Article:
Skip to content

3

This week my female Kellet's whelk (Kelletia kelletii) started laying eggs. She's been doing this every summer for the past several years. She lives with one other whelk, presumably the father of her brood, as the eggs are both fertilized and viable even though I've never seen the snails copulating.

That's right, copulating. Whelks are predatory marine snails, some of which get quite large. My big female's shell is a heavily calcified 12 cm or so; she's a beefy mother! Her mate is smaller, but other than the size difference I wouldn't be able to tell them apart. Anyway, whelks copulate, with the male using a penis to transfer sperm into the female's body. Not very different from the way we humans do things, actually.

So at some point in the recent past my whelks copulated, and this week the female began depositing egg cases on the walls of their shared tub. I first noticed them on Monday, but she may have started over the weekend.

Female whelk (right) laying eggs. ©Allison J. Gong
Female whelk (right) laying eggs.
© 2013 Allison J. Gong

Those pumpkin seed-shaped objects are the egg capsules. Each is actually about the size and shape of a pumpkin seed and has a tough outer covering that contains 20-50 developing embryos. After the entire clutch is lain, which usually takes this particular female a week or so, the mom will leave the eggs to develop on their own.

I'll keep an eye on these eggs for the next week or so, and might be able to get some photos of the embryos and larvae as they begin developing. Keep your fingers crossed!

2

Over the Memorial Day weekend I took my students out on the early morning low tides at Natural Bridges State Beach.  While they were ooh-ing and ahh-ing and filling out their assignment worksheet, I was playing around with my new camera, taking pictures in the water.  Because I am not a photographer and sea anemones just sit there, they quickly became my favorite subjects.  Not to mention the fact that they are simply  beautiful and photogenic creatures.

At Natural Bridges we have four species of anemones in the genus Anthopleura:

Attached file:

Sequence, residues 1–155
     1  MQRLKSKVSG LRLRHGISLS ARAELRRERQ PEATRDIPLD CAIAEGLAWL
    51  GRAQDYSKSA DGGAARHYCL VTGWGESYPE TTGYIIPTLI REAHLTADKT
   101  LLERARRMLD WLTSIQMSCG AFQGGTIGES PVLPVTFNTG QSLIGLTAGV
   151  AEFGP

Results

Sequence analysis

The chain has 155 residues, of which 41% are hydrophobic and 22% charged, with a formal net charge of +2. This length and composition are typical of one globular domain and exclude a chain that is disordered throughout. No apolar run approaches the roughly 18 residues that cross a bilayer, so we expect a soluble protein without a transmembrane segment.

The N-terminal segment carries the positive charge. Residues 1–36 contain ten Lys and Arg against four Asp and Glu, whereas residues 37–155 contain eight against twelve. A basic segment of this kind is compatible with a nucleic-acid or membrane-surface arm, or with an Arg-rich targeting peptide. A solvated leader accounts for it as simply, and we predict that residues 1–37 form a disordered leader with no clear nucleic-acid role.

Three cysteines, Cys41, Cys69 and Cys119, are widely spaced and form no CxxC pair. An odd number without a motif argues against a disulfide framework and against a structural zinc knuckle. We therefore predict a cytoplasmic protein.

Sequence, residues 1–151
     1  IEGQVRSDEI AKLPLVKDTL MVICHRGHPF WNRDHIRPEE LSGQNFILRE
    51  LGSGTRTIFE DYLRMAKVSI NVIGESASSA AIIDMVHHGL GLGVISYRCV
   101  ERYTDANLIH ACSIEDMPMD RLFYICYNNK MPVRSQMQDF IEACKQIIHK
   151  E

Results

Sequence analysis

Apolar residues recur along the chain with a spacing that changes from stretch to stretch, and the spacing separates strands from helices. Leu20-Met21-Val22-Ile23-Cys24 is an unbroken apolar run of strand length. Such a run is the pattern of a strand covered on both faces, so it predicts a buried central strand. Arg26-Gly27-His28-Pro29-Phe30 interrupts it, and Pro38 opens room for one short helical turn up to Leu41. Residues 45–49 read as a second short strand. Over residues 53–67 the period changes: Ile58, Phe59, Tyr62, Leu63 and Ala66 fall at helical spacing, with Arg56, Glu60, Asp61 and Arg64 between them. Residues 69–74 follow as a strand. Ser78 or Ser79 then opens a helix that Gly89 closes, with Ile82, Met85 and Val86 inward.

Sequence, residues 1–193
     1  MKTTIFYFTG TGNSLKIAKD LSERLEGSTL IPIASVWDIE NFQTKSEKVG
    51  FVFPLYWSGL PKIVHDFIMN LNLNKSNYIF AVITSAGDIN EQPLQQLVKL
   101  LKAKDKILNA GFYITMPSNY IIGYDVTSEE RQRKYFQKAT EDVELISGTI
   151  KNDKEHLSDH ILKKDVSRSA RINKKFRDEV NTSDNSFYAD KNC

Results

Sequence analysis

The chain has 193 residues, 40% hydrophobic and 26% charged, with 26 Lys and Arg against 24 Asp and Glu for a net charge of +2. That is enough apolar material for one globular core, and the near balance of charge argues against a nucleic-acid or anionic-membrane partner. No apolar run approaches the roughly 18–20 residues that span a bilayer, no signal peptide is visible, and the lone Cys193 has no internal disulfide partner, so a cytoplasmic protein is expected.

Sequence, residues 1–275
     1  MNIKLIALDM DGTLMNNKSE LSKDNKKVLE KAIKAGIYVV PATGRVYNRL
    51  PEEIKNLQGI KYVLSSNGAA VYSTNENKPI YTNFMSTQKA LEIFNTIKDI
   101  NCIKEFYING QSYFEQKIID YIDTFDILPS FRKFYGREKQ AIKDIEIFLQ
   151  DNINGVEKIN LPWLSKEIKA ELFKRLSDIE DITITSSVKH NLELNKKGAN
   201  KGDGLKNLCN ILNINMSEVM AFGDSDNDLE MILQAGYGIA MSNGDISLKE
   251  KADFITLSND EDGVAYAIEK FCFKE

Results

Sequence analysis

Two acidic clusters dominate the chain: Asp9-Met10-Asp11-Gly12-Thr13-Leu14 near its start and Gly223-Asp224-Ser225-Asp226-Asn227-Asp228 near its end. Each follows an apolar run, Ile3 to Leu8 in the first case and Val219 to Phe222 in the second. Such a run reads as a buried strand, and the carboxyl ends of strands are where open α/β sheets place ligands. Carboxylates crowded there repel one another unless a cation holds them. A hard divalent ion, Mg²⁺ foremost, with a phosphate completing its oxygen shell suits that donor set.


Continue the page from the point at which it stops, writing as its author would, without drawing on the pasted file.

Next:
• A. xanthogrammica - giant green anemone
  • A. sola - sunburst anemone
  • A. elegantissima - aggregating anemone
  • A. artemisia - moonglow anemone

Of these species, the first two are notable for their large size.  At Natural Bridges they can get to be the size of a dinner plate.  They live side-by-side in tidepools, and since there are many deep-ish pools at Natural Bridges they are among the most conspicuous animals in the intertidal along the northern California coast.

Anthopleura sola (left) and A. xanthogrammica (right) in a shallow pool at Franklin Point.
Anthopleura sola (left) and A. xanthogrammica (right) in a shallow pool at Franklin Point.

It's easy to identify these animals when they're sitting right next to each other.  The difficulty comes when you see only one in a pool by itself with nothing to compare it to.  In a nutshell, here are some things you can use as clues to determine which species you have in front of you.

Let's start with Anthopleura xanthogrammica, the giant green anemone.  This animal's oral surface and tentacles are a solid color, varying from bright green to golden brown.  There are no conspicuous stripes on the central disc and the tentacles are relatively short and stubby, without any white patches.

Anthopleura xanthogrammica, photographed at Natural Bridges State Beach
Anthopleura xanthogrammica, photographed at Natural Bridges State Beach

Anthopleura sola, on the other hand, usually has distinctive radiating lines on the oral disc.  Hence the common name of Sunburst Anemone.  Its tentacles are generally longer and more slender than those of A. xanthogrammica, and often have sharp-edged white patches.  Sometimes the tips of the tentacles are tinged a pale purple.  Anthopleura sola are usually brownish-green in color, and I haven't seen any that are as bright green as the A. xanthogrammica anemones.

Anthopleura sola, photographed at Natural Bridges State Beach
Anthopleura sola, photographed at Natural Bridges State Beach

That's all well and good, but sometimes you come across an individual that doesn't completely follow the rules.  Or rather, it looks like it could belong to both species. Such as this fellow (fella?):

Hmmm...sola or xanthogrammica?
Hmmm. . . sola or xanthogrammica?

The animals obviously don't read the descriptions.  This one has xanthogrammica shape and overall color, but those lines on the disc read as sola-ish.  I would call this one a xanthogrammica.  What do you think?

1

I was making my usual feeding and checking rounds at the marine lab last Wednesday, when I saw this:

Pugettia producta, molting.  Time 10:09:12

This crab is a kelp crab, Pugettia producta. It is one of the common crab species on the California coast; you can find them in the low intertidal clinging to algae. Many of them are this golden-brown color, coincidentally(?) the same color of the kelp Macrocystis pyrifera. Juveniles are often reddish or dark brown in color, again matching or blending in with the algae where you see them. This particular crab has always been this color, at least since it has been in my care.

Crustaceans, as all arthropods, periodically molt their entire exoskeleton in one fell swoop. The exoskeleton splits along the transverse seam between the carapace and the abdomen, then the crab sort of slithers out backward. The entire exterior of the body, including legs, antennae, and mouthparts, is left behind as a larger version of the crab scuttles away to hide out for a few days until its new shell hardens.